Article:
Every area of your home is effected by attic moisture content, temperature, and air movement. Houses are constructed much “tighter” today than they were 20 or 30 years back. Windows are more effective, house wraps are now traditionally used, the R value of insulation has escalated, overall, our homes are more weather-tight. In doing this we trap the humidity inside the home. Interior humidity is produced by several things.
The normal perspiration and breathing of a family of four adds about 1/2 pint of water to the air just about every hour. Cooking three meals a day adds four or five pints of water to the atmosphere. Each shower contributes 1/2 pint. In fact, each individual activity that uses water, (like dishwashing, mopping floors, doing laundry) adds moisture content to the air. Specialists say that the daily living activities of a family of four can add more than 18 gallons of water a week into the atmosphere of a home. Air moisture will circulate toward drier air to equalize itself. This equalization process basically forces the indoor moisture content through the ceiling and insulation toward the attic locality. Ventilation of your attic is vital for two reasons. During the summer months, excess heat that accumulates in the attic during the day results in high energy costs for cooling, or uncomfortable living conditions.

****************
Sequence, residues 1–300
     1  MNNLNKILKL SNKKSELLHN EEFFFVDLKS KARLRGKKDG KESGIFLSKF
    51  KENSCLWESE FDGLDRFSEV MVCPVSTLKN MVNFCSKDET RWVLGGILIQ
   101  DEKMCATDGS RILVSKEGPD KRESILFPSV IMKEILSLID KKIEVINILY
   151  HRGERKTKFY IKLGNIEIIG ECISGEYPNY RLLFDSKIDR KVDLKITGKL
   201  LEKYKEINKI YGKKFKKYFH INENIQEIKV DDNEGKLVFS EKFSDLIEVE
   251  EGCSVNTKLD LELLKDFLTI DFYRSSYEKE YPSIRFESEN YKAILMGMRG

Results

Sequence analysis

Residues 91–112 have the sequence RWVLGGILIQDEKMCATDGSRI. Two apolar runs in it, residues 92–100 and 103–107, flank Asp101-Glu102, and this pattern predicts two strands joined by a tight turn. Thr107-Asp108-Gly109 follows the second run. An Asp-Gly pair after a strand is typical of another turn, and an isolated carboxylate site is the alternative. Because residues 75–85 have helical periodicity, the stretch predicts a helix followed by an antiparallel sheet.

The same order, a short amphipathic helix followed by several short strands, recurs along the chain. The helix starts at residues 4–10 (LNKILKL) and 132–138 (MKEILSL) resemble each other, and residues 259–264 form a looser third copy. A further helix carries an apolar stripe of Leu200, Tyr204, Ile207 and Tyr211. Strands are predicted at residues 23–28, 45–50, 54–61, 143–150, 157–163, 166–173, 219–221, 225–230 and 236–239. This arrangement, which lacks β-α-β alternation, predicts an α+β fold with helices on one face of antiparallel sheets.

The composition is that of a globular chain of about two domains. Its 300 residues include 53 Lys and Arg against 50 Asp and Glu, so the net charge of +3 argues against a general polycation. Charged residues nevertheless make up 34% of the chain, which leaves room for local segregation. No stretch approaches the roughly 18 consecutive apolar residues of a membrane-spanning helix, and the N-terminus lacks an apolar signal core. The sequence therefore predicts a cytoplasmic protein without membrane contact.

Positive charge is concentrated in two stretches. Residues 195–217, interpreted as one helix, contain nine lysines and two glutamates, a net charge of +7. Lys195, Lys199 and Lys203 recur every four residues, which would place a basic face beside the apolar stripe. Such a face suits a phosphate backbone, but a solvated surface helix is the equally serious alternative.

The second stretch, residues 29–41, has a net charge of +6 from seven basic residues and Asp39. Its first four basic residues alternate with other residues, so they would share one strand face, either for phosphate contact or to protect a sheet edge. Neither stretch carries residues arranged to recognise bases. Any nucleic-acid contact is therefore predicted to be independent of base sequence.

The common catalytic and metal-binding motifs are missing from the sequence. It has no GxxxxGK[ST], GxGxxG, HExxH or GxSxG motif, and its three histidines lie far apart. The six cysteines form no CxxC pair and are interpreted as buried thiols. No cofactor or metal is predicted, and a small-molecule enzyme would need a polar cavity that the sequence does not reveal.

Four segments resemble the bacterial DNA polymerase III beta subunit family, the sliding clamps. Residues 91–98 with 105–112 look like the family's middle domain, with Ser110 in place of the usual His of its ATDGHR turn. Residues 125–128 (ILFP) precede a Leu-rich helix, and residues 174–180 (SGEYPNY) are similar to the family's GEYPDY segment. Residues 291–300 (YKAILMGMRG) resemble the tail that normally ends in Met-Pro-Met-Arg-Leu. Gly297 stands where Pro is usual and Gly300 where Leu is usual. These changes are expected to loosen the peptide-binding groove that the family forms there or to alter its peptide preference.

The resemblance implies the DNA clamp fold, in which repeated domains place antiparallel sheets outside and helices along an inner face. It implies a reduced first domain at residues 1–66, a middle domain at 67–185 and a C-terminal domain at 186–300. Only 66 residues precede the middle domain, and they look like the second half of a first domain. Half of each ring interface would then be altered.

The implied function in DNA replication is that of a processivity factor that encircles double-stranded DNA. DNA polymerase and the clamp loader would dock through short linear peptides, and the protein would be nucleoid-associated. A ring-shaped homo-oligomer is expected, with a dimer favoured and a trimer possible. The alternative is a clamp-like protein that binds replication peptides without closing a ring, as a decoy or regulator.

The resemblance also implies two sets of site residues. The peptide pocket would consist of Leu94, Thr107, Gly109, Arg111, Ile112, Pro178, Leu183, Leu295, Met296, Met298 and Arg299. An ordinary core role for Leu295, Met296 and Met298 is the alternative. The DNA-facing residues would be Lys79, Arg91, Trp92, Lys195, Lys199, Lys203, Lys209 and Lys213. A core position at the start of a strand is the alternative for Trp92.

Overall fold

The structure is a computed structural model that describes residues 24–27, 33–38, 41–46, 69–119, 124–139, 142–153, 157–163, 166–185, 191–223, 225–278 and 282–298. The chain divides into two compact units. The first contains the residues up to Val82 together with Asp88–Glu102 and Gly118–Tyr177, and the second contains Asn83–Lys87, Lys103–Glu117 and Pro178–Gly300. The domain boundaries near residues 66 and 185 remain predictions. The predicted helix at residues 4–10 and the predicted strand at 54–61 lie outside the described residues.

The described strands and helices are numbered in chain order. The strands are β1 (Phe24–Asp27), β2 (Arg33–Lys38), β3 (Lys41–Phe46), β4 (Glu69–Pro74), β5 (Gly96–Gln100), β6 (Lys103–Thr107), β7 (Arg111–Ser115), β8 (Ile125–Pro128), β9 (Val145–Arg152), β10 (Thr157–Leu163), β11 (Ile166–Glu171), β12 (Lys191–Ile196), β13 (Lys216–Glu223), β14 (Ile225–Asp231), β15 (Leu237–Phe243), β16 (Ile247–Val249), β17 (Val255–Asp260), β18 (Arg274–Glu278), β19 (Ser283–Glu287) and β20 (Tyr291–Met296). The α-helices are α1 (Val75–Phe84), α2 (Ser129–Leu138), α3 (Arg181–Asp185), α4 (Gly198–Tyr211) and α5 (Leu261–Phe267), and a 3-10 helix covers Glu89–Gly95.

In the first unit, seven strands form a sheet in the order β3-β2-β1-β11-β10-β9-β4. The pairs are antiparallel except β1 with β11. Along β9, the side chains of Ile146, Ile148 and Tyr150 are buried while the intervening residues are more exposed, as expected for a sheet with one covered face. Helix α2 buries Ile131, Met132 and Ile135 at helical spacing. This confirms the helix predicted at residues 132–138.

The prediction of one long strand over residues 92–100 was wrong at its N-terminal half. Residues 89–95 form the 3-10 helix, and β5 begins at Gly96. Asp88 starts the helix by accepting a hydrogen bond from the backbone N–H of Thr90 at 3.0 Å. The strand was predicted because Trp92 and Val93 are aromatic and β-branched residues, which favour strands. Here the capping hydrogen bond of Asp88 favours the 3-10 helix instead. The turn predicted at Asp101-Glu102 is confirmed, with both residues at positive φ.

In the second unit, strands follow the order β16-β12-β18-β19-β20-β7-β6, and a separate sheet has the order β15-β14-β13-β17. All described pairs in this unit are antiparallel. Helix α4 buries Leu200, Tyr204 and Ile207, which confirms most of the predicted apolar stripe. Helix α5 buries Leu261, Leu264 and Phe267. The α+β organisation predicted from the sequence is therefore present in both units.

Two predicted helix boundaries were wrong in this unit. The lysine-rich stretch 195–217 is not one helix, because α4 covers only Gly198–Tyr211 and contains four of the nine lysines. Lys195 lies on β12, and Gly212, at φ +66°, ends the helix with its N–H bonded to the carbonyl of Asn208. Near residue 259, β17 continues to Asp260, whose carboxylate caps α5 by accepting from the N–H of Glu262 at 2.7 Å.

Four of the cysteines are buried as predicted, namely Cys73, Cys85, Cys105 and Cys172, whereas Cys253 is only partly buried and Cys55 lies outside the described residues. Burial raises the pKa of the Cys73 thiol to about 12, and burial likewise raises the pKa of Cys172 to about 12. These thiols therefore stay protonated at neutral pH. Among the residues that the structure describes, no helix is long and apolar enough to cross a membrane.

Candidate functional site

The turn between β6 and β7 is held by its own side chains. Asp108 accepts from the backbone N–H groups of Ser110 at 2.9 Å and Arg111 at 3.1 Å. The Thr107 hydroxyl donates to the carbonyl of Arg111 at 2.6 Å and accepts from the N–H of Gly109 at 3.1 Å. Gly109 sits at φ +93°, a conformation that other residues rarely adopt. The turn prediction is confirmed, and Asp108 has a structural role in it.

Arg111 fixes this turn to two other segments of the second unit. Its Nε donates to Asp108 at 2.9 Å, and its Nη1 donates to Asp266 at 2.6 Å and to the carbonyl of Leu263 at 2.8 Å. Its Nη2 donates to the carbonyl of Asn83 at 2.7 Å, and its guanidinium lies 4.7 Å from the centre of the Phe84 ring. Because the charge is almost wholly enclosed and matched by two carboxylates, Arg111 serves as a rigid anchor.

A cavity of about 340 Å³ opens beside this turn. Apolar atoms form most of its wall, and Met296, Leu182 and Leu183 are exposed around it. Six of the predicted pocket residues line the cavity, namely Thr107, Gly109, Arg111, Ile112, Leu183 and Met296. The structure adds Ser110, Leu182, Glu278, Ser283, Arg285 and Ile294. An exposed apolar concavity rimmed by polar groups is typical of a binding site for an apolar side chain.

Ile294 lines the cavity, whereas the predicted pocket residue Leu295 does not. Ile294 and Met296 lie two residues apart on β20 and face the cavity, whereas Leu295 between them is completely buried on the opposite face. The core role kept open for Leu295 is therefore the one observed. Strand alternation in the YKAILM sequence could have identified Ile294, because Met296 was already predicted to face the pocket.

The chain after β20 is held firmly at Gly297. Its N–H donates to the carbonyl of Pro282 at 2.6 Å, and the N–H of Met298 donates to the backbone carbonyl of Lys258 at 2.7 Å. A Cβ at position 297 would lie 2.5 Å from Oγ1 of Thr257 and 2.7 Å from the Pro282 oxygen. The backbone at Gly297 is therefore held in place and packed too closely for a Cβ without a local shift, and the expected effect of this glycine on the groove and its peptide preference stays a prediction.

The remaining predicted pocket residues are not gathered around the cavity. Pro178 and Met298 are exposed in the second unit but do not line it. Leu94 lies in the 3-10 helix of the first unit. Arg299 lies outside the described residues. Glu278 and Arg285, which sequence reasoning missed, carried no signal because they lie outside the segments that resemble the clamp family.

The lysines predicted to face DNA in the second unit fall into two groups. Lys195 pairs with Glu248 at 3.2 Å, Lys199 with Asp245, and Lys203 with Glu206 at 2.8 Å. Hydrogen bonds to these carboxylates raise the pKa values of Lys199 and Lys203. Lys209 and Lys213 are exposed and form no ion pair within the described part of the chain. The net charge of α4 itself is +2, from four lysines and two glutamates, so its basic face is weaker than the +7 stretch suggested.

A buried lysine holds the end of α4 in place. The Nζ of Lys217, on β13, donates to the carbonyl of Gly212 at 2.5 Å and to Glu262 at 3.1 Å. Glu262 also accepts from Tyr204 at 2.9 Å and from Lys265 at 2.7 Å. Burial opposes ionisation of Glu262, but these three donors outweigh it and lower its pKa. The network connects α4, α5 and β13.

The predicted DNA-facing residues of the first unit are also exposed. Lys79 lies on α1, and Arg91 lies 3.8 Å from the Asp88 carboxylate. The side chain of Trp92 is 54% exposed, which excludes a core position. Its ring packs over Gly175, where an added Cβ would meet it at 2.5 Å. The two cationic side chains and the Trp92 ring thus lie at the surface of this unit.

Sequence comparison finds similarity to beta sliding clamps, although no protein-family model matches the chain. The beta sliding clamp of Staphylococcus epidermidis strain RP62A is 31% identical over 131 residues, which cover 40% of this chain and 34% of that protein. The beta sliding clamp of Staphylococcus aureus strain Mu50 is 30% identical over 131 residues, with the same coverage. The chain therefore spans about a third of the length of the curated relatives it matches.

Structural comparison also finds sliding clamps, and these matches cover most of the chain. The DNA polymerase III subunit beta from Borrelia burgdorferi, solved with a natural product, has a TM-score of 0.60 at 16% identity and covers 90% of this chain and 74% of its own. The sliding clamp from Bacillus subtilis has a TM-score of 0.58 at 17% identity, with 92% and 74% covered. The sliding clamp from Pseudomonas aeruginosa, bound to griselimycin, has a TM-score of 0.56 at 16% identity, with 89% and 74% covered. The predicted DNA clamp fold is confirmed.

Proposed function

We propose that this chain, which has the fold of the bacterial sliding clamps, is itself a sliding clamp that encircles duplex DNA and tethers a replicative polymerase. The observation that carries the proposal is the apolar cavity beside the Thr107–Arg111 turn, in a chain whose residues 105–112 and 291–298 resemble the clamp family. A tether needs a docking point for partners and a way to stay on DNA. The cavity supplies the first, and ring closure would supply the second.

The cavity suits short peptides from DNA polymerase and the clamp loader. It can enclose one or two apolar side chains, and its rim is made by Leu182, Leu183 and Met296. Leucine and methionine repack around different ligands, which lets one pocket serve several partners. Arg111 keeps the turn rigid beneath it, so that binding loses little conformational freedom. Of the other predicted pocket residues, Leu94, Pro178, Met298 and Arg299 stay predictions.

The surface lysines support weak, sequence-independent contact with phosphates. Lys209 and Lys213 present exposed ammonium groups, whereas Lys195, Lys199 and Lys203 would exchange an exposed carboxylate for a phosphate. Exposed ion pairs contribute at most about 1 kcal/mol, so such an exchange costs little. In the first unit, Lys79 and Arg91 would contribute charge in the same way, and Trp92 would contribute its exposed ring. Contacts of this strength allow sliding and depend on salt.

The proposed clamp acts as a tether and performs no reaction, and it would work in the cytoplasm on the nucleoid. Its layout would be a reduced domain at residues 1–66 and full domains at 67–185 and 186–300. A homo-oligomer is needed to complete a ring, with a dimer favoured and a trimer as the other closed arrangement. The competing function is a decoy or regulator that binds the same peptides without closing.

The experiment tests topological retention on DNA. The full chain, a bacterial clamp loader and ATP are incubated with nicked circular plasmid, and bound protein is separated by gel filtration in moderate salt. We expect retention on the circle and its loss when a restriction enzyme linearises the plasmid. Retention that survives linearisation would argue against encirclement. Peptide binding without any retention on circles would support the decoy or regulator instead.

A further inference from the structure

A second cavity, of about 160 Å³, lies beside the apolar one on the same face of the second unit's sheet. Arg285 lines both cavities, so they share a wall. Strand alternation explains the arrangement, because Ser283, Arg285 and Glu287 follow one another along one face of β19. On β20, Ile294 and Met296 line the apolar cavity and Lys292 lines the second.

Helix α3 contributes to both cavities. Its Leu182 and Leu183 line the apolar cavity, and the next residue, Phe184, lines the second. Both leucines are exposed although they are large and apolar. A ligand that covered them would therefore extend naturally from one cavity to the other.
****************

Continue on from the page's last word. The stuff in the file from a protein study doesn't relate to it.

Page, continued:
Also, moisture produced within the home may move toward the attic if ceiling vapor barriers are not utilized, and they quite often are not. If this moisture is not exhausted from the attic it will condense and lead to insulation and construction materials to deteriorate, or cause mold or mildew to develop. So, temperature and moisture control are the main reasons for accurate attic ventilation. How much attic ventilation is enough? The most ventilation is necessary to clear away heat in the summer months. Winter attic ventilation must be adequate to clear away moisture vapor moving from the living space to the attic. In general, ventilation adequate for summer cooling is more than adequate for winter ventilation. Studies indicate that further increases in ventilation are not helpful in significantly lowering attic temperatures.
If the ceiling is inadequately insulated, you may need a little extra ventilation. Attic ventilation can be achieved by gravity ventilators, wind assisted ventilators or power ventilator. Regardless of the method used, the purpose is to provide uniform ventilation of the attic for proper temperature and humidity control. Natural ventilation is the most common and energy-efficient method of attaining attic temperature and moisture control. It is also the most economical, and my personal preference. If a space has high air outlets in conjunction with low inlets, ventilation takes place as the air present in the space is warmed. We desire to accomplish this with the application of eyebrow vents, stationed at optimal spots.